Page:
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bitcoin

This tag is associated with 6 posts

An anti-hacker puzzle

Following on from my previous post … Here’s a simple puzzle challenge. The SHA256 hashing algorithm (see earlier post: Immutable data) converts any string of text (integers or letters) into a (near) unique 64 character long string of numbers and letters. Using this algorithm the string “301253” (someone’s birthdate) translates to the string of characters … Continue reading

Why hackers have to work hard

A 4 digit mechanical combination lock is designed so that a person trying to break into your locker (a padlock hacker) would have to try on average 5,000 combinations (104/2). That’s about 2-5 hours work, which is a big investment in time, and before the hacker exhausts all iterations he or she may well be … Continue reading

Immutable data

An application on the exorbin.com website can convert any block of data into a near unique 64 character string of characters. Fun with SHA256 So “abc” converts to ba7816bf8f01cfea414140de5dae2223b00361a396177a9cb410ff61f20015ad My name, “Richard Coyne”, converts to ba7c5c9e90f05540084e798effd0389b60ec98677662017065d34a0b880778a7 Here’s some Shakespeare “To be, or not to be — that is the question: Whether ’tis nobler in the mind to … Continue reading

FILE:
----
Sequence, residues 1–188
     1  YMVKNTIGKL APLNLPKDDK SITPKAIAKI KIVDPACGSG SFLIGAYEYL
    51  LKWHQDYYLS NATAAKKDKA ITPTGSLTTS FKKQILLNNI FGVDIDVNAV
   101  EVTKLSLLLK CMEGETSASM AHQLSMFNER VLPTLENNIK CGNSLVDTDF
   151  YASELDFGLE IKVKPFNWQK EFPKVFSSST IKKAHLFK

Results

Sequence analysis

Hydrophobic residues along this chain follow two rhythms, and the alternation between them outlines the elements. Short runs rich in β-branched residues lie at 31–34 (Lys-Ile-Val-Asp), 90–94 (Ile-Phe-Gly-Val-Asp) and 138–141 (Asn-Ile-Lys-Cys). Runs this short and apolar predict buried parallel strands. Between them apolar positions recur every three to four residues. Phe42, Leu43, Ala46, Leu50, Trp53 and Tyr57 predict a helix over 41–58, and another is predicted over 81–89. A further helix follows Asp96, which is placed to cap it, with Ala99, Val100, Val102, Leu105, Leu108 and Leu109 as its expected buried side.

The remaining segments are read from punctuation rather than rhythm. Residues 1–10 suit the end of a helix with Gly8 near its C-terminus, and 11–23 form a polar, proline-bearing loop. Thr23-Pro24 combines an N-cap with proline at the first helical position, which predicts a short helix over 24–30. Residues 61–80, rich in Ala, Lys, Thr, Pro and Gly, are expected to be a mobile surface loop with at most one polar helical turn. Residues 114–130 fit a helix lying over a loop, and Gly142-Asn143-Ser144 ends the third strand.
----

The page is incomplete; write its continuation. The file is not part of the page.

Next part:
Dark web anonymity

I downloaded a bitcoin wallet to my smartphone on 3 July 2017, and filled it with £100 of bitcoin procured via my debit card. The transaction cost £3. A bank transfer would have been free, but I was in a hurry. (With currency fluctuations, and 3 weeks later, my wallet today contains £110.19. So I … Continue reading

Wasting time in the bit economy

One way to demonstrate your wealth is to show how much free time you have. Freed from the drudgery required to keep fed, secure and comfortable, the wealthy have time on their hands to sit around in coffee shops, take long holidays, indulge in unprofitable hobbies, and acquire esoteric skills and affectations that are surplus … Continue reading

Digital money

Digital money attempts to keep financial transactions reliable and trustworthy without the need for a bank. To achieve this it does two things that computer networks do well: distribute and encrypt. If I create a painting then it’s a one off. If I sell it then I pass on ownership of the painting to the … Continue reading

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